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Critiques of the Judiciary
When judges themselves become culprits, society itself is imperiled.

-- Richard Lee Abrams
Pursuing an Indictment for Criminal Judicial Misconduct



Under 28 U.S.C. § 455(a), disqualification is mandatory in "any proceeding in which [the judge's] impartiality might reasonably be questioned."  In 1998, upon discovering that Judge Berrigan was employed by defendant Tulane University as an adjunct professor and also served on the board of one its research centers, plaintiff Carl Bernofsky filed a motion for her recusal, which ordinarily would trigger the response required by the above law, at which point 28 U.S.C. § 144 would become operative:

Whenever a party to any proceeding in a district court makes and files a timely and sufficient affidavit that the judge before whom the matter is pending has a personal bias or prejudice either against him or in favor of any adverse party, such judge shall proceed no further therein, but another judge shall be assigned to hear such proceeding. (Emphasis added)

Despite having full knowledge of applicable law, Judge Berrigan denied the plaintiff's motion for recusal.  Downplaying the importance of her university teaching and board membership, she declared:  "There is no basis for the plaintiff's suggestion that [my] impartiality might reasonably be questioned by virtue of these two circumstances..."

That willful disregard of federal statutes by a public servant and federal employee was not only felonious, but a breach of trust that had been secured by a solemn oath.

Berrigan's position on recusal was a flagrant violation of controlling federal law, and the plaintiff immediately appealed her order to the Fifth Circuit Court of Appeals.  At the time, the plaintiff was unaware of the Fifth Circuit's cozy relationship with the defendant, Tulane University, which regularly extended its campus resources to the appellate court for conducting judicial hearings, and also engaged members of the district court with academic appointments in its Law School.

The Fifth Circuit granted Berrigan impunity.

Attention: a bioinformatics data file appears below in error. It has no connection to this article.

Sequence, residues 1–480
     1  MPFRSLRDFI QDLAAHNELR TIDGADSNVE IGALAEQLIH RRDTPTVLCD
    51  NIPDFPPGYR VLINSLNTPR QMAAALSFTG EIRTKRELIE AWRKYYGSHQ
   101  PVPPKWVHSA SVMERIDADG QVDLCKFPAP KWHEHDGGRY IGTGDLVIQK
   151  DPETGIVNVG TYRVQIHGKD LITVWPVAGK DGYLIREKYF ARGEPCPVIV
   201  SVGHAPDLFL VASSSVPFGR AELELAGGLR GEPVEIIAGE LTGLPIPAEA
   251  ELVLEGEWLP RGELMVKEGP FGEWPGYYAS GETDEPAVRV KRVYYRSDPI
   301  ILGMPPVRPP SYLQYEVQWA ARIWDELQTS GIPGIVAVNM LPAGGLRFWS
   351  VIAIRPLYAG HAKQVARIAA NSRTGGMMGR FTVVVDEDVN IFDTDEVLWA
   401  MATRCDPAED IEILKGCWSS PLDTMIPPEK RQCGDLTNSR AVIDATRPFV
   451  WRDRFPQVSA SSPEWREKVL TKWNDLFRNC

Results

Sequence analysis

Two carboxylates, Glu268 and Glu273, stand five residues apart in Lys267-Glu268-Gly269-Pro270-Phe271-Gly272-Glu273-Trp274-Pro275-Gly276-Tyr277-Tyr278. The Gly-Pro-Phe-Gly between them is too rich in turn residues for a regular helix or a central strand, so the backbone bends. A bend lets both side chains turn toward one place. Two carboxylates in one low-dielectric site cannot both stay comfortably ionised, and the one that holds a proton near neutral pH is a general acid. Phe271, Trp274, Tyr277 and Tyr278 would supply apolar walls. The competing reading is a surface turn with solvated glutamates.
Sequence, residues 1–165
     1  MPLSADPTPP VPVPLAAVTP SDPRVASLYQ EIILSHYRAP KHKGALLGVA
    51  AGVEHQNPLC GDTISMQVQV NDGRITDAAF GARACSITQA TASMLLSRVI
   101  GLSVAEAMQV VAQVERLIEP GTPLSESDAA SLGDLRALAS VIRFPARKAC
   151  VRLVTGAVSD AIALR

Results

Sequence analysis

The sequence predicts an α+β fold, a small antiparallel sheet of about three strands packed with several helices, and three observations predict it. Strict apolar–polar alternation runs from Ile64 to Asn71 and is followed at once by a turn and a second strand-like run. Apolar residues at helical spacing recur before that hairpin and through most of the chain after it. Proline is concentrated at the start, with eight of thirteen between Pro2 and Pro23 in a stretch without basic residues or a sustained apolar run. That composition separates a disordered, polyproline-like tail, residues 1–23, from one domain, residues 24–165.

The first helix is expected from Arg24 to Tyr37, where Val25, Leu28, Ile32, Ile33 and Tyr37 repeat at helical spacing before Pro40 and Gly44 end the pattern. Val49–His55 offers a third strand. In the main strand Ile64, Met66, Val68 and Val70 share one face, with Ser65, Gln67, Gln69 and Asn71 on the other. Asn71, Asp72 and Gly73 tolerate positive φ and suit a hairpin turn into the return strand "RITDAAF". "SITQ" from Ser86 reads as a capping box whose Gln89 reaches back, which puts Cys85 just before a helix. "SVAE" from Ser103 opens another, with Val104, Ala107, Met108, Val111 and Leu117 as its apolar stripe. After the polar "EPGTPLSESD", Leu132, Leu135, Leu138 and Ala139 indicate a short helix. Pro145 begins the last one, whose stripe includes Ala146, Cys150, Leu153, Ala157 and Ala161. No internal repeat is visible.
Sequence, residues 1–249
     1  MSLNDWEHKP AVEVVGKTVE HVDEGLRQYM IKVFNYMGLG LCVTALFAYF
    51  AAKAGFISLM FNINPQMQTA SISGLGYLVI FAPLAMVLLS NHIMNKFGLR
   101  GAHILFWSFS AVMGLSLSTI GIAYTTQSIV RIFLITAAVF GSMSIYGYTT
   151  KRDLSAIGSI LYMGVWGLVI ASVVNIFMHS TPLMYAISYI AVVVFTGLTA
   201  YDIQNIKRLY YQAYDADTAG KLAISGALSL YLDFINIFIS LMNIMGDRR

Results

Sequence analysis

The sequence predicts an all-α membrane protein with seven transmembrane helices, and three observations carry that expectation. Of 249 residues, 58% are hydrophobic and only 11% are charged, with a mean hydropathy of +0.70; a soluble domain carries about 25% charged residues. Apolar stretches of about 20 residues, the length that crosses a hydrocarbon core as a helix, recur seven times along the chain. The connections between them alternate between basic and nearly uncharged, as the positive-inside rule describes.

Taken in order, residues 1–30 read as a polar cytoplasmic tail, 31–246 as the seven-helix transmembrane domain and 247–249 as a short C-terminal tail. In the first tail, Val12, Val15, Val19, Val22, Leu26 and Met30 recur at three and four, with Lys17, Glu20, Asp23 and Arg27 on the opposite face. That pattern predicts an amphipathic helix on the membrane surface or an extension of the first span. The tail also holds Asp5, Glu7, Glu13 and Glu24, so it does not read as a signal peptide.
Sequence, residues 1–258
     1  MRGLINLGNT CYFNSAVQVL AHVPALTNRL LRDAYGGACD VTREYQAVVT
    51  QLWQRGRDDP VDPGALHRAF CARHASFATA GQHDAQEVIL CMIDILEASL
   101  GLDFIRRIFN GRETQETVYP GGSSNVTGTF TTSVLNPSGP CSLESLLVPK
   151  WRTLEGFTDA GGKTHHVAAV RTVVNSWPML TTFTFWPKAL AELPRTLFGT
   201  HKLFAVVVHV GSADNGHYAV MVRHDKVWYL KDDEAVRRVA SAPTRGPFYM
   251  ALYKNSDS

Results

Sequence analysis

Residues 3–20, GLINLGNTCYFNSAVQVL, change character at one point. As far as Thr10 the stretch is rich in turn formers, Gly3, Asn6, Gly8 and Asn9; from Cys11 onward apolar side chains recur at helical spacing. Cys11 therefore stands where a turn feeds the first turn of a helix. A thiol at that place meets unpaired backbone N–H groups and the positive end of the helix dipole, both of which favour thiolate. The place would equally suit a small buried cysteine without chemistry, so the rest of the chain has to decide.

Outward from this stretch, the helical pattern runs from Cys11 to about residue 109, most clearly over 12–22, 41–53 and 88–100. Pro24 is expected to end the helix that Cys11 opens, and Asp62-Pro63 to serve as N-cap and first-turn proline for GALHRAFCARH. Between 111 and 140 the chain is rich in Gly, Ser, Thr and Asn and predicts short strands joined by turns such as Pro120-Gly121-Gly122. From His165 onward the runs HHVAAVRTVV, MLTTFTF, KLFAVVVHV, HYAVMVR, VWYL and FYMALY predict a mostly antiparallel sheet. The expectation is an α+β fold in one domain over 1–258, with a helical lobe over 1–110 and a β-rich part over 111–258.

A panel of three Circuit Judges led by Judge Reynaldo G. Garza dismissed the plaintiff's appeal on the basis that, "An order denying a motion to recuse is not immediately appealable."  Justification for this erroneous decision was based on dubious interpretations of cited law as well as previous rulings of the Fifth Circuit, themselves of questionable legitimacy.  The Court wrote:

Federal appellate courts have jurisdiction over appeals only from (1) final orders, 28 U.S.C. 1291; (2) orders that are deemed final due to jurisprudential exception or which can be properly certified as final pursuant to Fed. R. Civ. P. 54(b); and (3) interlocutory orders that fall into specific classes, 28 U.S.C. 1292(a), or which can be properly certified for appeal by the district court, 28 U.S.C. § 1292(b).

An analysis of the Court's opinion follows:

(1) In pertinent part, 28 U.S.C. § 1291 states:

The courts of appeals ... shall have jurisdiction of appeals from all final decisions of the district courts of the United States...

District Court Judge Berrigan's decision not to recuse herself appears to be eminently appealable to the appellate court.  The Fifth Circuit's attempt to distinguish the district court's decision — which followed a series of decisions unfavorable to the plaintiff — from a "final" decision is without merit.  The "finality" of Berrigan's order is without question.

(2) Fed. R. Civ. P. 54(b) states: